During the first impact, as the fuselage contacted the ground, the apparently extremely flimsy folding seat that the pilot was sitting on collapsed flat. It seems that these seats have no true structure to them, and are closer to lawn chairs in their design and structural integrity. Judging from photo "100_3046.jpg", above, the pilot had a single shoulder belt on each side, with inertia reel retractors. These seats and harnesses would do absolutely nothing to protect a passenger during a high descent rate vertical impact.
A member of the evaluation team informed us that the pilot died of a broken neck and/or internal injuries, and was found in the back seat of the aircraft. This is consistent with impact damage, and the "rebound" from the landing gear that threw the aircraft rearward could have easily thrown the pilot rearward as well, especially since his seat and shoulder harness/seatbelt were not restraining him in any way. His neck could have been broken in the initial impact when the seat collapsed, or it could have occurred in the rebound event. Severe internal injuries could have occurred at either time as well.
Survivability - Conclusions:
We believe that the seating structure and restraining structure in this particular aircraft (and which seem to be consistent with the SQ2K design) were totally inadequate to prevent or mitigate injury during a high descent rate vertical impact event - we can see that the seat broke and came apart, and the single shoulder harness didn't/couldn't provide any restraint at all, once the seat broke (if it even could have before).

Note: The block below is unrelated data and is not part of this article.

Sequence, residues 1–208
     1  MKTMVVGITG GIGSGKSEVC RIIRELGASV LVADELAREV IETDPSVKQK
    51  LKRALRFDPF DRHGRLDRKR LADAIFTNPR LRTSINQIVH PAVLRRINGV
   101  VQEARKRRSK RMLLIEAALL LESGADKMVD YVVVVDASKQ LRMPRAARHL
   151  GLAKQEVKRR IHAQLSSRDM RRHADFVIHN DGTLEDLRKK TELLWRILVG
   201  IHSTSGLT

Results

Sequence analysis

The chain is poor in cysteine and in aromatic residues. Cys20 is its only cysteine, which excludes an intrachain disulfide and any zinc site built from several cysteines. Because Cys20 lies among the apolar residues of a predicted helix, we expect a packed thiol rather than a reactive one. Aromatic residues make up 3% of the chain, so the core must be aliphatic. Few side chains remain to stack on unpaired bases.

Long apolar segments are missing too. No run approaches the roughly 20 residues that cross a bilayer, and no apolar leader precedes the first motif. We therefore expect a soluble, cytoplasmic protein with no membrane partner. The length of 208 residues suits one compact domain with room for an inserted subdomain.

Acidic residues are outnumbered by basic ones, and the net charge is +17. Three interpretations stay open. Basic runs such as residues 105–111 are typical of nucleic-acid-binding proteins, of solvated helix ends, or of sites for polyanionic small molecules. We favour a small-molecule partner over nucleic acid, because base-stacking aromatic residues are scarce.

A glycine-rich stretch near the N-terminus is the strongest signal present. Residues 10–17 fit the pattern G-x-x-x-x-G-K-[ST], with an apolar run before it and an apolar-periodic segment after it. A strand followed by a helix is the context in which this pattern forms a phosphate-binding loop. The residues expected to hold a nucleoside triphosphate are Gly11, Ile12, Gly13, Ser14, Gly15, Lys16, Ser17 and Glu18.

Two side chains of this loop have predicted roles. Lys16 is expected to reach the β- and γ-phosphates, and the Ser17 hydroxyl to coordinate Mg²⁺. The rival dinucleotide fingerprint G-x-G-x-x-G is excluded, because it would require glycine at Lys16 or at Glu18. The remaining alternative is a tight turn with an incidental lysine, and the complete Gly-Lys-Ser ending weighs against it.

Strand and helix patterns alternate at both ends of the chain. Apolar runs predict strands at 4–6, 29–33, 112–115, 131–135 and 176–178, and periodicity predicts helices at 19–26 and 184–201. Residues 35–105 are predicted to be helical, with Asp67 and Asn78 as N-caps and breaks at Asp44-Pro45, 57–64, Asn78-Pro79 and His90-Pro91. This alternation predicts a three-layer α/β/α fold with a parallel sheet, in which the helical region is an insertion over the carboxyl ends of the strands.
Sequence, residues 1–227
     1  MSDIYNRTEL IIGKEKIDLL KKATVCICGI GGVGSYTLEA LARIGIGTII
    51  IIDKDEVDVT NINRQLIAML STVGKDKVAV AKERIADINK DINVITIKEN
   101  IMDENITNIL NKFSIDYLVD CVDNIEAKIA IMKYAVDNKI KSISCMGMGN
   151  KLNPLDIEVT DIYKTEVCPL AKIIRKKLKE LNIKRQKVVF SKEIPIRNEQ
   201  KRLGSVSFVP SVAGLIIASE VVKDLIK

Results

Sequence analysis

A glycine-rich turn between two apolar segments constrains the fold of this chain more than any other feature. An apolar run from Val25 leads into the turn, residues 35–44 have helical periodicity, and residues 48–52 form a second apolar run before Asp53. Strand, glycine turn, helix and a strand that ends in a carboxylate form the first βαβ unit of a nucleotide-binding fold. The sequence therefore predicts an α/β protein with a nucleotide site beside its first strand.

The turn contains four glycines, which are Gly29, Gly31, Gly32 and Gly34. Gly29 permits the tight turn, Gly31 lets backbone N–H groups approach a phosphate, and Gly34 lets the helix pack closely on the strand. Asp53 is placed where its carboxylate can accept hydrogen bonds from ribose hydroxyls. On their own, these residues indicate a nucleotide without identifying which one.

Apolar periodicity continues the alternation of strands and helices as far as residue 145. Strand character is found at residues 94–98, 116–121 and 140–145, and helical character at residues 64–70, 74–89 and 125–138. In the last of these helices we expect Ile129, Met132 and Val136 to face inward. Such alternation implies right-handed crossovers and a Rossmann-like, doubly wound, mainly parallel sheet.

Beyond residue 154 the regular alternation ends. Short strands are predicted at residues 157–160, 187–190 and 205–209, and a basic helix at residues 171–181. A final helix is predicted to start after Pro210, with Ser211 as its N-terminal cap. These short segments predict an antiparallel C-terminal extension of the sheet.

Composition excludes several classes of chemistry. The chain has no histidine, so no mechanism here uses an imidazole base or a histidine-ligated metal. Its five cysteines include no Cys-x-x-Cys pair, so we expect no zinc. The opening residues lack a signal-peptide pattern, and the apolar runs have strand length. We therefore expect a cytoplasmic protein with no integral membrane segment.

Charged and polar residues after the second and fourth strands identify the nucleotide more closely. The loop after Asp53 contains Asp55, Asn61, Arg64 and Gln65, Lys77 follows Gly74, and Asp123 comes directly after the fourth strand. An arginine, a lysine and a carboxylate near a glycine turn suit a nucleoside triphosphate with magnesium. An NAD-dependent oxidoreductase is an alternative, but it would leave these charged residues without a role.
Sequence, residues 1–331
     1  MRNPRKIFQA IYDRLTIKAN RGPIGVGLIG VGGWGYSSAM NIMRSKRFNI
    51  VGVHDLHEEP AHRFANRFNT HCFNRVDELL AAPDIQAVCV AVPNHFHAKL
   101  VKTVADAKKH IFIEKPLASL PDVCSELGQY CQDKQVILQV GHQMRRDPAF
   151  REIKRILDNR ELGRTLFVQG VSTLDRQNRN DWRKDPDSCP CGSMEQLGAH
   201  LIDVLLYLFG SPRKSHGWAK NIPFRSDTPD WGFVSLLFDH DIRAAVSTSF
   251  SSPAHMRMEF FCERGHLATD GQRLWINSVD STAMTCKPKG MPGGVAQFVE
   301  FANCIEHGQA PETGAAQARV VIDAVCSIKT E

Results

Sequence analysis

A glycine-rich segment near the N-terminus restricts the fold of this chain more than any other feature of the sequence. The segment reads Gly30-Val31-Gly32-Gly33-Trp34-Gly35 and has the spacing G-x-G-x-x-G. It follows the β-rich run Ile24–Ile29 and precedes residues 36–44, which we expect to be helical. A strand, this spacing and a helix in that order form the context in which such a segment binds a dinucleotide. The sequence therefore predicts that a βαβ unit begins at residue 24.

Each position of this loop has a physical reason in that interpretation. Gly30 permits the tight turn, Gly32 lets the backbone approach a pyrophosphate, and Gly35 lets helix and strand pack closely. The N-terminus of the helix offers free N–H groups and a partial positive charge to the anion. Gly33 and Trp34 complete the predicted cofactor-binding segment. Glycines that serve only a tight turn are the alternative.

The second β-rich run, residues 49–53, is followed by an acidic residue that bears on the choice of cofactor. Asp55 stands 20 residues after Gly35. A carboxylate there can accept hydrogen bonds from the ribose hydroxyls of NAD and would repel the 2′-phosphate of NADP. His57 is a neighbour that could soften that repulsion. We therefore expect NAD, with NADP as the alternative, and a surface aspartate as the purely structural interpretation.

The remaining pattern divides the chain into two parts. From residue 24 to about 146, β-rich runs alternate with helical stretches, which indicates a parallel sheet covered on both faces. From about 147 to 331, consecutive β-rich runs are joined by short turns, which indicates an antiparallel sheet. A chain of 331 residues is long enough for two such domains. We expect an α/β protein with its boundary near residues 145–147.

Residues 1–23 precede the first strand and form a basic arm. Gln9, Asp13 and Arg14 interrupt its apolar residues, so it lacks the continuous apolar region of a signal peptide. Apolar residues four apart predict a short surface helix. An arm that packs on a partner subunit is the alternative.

We believe that this MIGHT have been a survivable impact in a different aircraft - one with a solid seatback and headrest, with robust seatbelt and shoulder harness restraints. There is obviously no way to know for sure that a more robust structure would have saved him, but it is clear that this aircraft did not have such a robust restraint structure. The lack of this robust structure is clearly _A_ (not clearly _THE_) proximal cause of the pilot's death.
Probable substantial power loss due to clogged injector nozzle. This led to inadequate power upon takeoff and climb out. Subsequent poor decision making in attempting a turn back to the airport, rather than choosing to continue straight ahead or attempt a shallow turn to a less wooded area is one possible scenario. A deep stall during the turn, also leading to a very high descent rate, is a second, more probable scenario.
Basically, if this analysis is correct, poor preflight systems checking and/or poor luck with the clogged nozzle began the accident, and poor judgment either in flight and/or in W&B calculations caused this particular crash to possibly be much worse than it otherwise might have been.
There but for fate go we all - the pilot was a human being, and it caught up to him. I would need both hands to count the number of times I have been in situations that could have killed me, but I survived - this is NOT a comment on the pilot's capabilities or what he was as a human being. I merely mean to point out that we can never have too much information or be too careful. Pre-flight engine checks, W&B checks (ESPECIALLY IN 4-SEAT CANARD AIRCRAFT) and emergency procedure practice may have substantially mitigated, if not avoided, this accident.
Broken neck and/or internal injuries due to vertical impact and/or rebound G loading. Possibly/probably due to inadequate structural integrity of seats/harnesses.
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Copyright © 2005, All Rights Reserved, Marc